You can have an equally simple implementation (plus one mask operation) if you put the length encoding in the most significant bits. The advantage of having length in the most significant bit is that in the common case (1 byte integers), the decoding is faster.


Are you sure? It does not seem like it will be as simple. When continuation bits are at the top of the first byte, they come between the value bits in the first byte and value bits in the subsequent bytes. This means you have to manipulate them independently, instead of being able to manipulate them as an atomic group. With low continuation bits, all the value bits get to stay together.

If it would be as simple, you should be able to easily modify my sample encoder/decoder above to illustrate.


Oops. You're right for little-endian encoders. (See another comment on this thread for a simple bijective big-endian encoder I whipped up just now.) I've always written big-endian encoders or bijective big-endian encoders, so that byte strings sort the same lexographically and numerically.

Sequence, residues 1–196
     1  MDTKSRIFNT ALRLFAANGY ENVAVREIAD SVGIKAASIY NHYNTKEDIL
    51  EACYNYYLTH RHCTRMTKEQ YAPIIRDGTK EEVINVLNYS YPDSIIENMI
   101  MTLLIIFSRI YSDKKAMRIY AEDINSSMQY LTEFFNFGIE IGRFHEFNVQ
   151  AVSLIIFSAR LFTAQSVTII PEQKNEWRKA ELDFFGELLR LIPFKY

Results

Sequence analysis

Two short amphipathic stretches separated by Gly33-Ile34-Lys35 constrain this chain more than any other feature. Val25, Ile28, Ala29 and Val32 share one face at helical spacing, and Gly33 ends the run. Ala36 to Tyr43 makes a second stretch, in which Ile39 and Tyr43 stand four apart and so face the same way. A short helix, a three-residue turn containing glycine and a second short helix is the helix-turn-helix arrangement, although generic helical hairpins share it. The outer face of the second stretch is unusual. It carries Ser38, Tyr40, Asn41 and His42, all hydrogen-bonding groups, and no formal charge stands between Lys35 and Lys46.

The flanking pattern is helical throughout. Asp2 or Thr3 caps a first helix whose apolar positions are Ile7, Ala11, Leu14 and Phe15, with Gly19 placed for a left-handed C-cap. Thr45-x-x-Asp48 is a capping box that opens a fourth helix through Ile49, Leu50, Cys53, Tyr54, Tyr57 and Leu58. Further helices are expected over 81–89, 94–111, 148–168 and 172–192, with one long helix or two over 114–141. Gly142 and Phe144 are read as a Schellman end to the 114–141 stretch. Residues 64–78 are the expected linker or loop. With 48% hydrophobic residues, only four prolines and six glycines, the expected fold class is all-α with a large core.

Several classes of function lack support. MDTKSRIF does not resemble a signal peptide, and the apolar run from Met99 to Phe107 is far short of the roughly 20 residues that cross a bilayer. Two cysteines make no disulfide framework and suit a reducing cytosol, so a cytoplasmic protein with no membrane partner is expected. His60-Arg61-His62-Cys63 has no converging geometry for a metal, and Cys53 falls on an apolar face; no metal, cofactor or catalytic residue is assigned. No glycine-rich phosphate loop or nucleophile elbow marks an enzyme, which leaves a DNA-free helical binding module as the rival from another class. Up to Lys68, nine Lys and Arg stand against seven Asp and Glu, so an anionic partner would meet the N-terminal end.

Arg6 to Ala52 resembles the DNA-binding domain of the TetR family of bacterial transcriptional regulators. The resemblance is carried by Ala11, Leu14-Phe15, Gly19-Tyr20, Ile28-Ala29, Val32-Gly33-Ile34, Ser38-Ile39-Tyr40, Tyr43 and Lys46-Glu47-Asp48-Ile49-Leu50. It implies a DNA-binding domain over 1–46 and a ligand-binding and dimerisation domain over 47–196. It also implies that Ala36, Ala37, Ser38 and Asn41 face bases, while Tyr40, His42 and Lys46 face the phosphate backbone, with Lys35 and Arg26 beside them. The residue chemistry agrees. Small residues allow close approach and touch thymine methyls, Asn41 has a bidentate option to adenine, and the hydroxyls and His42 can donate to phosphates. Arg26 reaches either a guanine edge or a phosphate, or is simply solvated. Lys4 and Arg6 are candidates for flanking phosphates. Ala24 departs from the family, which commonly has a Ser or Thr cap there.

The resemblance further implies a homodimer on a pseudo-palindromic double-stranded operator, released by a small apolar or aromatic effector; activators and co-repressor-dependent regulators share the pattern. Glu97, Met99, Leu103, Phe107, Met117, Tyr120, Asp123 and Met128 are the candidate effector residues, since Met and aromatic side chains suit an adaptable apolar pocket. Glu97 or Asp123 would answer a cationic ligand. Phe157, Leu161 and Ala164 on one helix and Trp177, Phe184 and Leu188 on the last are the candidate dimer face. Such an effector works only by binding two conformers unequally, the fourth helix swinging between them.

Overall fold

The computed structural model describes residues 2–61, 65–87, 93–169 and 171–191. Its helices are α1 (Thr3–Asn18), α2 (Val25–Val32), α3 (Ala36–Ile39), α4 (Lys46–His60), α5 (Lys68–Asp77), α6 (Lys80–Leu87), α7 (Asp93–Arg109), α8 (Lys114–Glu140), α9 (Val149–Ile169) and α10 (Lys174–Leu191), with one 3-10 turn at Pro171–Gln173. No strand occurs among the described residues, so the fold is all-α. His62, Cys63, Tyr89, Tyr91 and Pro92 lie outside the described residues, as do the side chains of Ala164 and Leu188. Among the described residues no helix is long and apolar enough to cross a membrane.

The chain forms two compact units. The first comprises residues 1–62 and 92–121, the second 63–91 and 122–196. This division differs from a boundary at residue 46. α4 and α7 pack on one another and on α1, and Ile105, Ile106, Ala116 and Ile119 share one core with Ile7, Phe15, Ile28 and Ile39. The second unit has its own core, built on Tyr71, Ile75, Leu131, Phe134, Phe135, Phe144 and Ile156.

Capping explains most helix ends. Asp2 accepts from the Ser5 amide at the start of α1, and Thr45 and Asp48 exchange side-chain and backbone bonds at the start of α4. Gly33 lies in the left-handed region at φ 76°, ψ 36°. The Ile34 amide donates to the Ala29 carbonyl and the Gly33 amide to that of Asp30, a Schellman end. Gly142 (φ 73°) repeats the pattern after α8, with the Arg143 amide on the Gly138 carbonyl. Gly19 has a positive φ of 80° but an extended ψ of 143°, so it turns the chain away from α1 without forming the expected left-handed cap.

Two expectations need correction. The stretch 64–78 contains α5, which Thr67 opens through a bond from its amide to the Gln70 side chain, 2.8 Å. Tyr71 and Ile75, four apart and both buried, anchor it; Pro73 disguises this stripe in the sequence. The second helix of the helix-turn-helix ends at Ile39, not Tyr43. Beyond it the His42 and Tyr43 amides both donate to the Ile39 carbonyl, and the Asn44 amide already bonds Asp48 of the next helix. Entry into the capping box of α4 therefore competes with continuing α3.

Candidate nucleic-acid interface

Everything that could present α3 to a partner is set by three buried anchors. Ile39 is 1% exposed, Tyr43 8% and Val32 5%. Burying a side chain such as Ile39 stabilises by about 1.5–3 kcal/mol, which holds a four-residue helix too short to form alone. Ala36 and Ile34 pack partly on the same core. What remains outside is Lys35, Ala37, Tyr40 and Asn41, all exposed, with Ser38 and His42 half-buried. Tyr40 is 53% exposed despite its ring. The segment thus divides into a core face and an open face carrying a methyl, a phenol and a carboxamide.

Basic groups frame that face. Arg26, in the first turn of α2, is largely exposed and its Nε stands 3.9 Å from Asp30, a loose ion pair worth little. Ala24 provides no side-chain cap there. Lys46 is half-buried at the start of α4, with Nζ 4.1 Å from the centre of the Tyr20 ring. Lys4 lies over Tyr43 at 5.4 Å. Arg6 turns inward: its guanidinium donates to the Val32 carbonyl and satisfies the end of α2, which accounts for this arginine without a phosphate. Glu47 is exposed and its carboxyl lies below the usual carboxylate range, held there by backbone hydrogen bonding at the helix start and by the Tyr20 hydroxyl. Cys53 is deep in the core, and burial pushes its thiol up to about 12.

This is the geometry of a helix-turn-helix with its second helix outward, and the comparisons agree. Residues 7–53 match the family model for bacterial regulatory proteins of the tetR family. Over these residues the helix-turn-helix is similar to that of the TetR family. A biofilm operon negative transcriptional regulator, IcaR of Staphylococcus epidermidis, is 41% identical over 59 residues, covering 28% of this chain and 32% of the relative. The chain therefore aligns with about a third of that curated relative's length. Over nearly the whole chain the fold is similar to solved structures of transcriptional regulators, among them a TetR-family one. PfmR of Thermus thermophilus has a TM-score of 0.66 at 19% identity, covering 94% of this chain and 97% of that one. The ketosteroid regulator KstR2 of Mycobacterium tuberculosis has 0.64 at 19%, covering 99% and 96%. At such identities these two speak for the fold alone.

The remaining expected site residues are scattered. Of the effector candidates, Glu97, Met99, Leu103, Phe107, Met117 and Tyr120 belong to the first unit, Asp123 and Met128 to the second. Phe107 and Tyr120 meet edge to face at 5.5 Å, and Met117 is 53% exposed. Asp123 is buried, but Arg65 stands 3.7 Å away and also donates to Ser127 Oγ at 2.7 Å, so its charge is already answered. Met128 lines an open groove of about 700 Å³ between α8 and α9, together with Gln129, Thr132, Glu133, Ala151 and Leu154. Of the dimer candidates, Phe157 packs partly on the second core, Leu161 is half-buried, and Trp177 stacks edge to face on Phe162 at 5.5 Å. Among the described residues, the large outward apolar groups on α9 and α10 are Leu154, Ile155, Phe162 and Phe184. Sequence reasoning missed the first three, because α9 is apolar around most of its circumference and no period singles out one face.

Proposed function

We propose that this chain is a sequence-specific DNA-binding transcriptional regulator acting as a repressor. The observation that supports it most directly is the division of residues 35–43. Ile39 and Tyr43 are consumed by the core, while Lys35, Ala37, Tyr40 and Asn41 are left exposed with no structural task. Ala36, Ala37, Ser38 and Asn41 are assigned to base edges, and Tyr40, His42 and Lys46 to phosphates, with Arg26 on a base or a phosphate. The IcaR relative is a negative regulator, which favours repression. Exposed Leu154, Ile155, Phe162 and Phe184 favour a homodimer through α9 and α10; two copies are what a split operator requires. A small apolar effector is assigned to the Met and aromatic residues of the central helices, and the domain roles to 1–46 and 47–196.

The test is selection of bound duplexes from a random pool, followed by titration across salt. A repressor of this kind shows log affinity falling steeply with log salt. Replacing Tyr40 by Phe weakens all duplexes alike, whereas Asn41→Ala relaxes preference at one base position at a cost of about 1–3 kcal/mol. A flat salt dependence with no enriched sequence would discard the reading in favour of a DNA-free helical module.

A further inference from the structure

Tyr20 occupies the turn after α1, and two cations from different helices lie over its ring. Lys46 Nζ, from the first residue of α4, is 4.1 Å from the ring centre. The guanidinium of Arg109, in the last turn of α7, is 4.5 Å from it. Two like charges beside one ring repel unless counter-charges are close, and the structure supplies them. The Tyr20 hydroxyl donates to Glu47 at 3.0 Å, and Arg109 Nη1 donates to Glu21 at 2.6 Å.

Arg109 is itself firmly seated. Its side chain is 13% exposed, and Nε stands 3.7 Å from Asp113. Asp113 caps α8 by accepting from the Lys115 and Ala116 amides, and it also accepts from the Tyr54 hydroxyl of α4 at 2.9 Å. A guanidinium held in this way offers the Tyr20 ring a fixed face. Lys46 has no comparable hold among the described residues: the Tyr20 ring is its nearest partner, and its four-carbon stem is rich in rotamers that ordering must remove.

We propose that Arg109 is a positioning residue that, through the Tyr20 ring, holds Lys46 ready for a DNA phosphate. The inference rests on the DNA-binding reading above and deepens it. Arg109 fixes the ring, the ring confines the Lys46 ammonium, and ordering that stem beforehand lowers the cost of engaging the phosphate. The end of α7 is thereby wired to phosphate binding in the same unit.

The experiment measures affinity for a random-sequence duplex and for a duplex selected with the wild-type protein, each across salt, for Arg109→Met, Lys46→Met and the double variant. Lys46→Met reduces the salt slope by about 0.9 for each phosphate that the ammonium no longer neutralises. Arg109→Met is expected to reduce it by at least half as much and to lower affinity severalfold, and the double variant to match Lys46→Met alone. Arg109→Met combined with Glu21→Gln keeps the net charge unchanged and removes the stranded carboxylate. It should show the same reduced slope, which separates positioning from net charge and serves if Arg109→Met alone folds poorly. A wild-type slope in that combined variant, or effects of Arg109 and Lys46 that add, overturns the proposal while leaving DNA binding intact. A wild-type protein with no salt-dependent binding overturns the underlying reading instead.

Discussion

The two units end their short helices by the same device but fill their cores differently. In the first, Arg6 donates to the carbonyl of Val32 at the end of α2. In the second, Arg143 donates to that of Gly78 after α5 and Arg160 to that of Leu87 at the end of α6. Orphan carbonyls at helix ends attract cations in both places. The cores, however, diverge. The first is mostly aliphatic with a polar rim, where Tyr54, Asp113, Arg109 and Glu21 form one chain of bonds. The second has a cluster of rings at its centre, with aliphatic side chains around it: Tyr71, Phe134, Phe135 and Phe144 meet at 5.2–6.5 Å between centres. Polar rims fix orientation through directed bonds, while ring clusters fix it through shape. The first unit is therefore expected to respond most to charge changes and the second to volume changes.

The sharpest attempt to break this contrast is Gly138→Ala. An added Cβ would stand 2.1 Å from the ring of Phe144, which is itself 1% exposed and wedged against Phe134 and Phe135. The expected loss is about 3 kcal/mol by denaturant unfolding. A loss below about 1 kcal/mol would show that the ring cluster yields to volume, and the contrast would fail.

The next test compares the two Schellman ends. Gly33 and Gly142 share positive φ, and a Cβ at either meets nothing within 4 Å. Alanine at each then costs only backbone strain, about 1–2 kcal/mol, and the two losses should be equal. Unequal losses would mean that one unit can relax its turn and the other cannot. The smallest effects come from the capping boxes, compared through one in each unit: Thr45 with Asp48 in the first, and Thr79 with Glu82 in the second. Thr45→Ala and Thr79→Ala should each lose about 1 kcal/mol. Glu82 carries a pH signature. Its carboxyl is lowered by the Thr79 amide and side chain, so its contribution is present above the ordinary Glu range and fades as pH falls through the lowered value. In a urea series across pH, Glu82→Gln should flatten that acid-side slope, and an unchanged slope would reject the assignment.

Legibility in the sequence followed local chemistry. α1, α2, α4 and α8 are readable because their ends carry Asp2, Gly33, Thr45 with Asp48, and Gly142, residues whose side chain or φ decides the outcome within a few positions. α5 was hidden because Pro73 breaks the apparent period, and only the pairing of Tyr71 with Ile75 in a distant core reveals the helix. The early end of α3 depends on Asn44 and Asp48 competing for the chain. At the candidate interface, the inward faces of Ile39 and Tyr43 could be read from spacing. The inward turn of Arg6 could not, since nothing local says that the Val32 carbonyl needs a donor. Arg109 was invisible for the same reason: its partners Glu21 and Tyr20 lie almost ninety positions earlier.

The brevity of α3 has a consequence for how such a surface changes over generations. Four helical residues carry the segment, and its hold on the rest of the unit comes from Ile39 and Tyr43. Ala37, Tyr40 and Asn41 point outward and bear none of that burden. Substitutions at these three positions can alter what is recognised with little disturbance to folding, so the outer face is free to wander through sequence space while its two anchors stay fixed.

Though, a simple loop encoder and decoder are still easily doable if the unary length encoding is in the most significant bits. You're right, though, for a little-endian encoder, it's a slightly more simple to put the unary length encoding in the least significant bits.


I think this is definitely an improvement over the wasm varint implementation. However, wasm bytecode is almost always going to be delivered compressed with gzip or brotli, so measurements of compression and speed should be taken after those. In particular, I'm wondering if a plain non-variable integer encoding would be best, considering how brotli and gzip operate on byte sequences.


This is definitely something I'd really like to see benchmarked: how valuable is it to pile two different "compression" compared only the "complicated" one (gzip or brotli).


Can you please explain how you'd use "bijective numeration" specifically? What do you think has to be changed or added to your proposal:

    7 bits -> 0xxxxxxx
    14 bits -> 10xxxxxx xxxxxxxx
    ...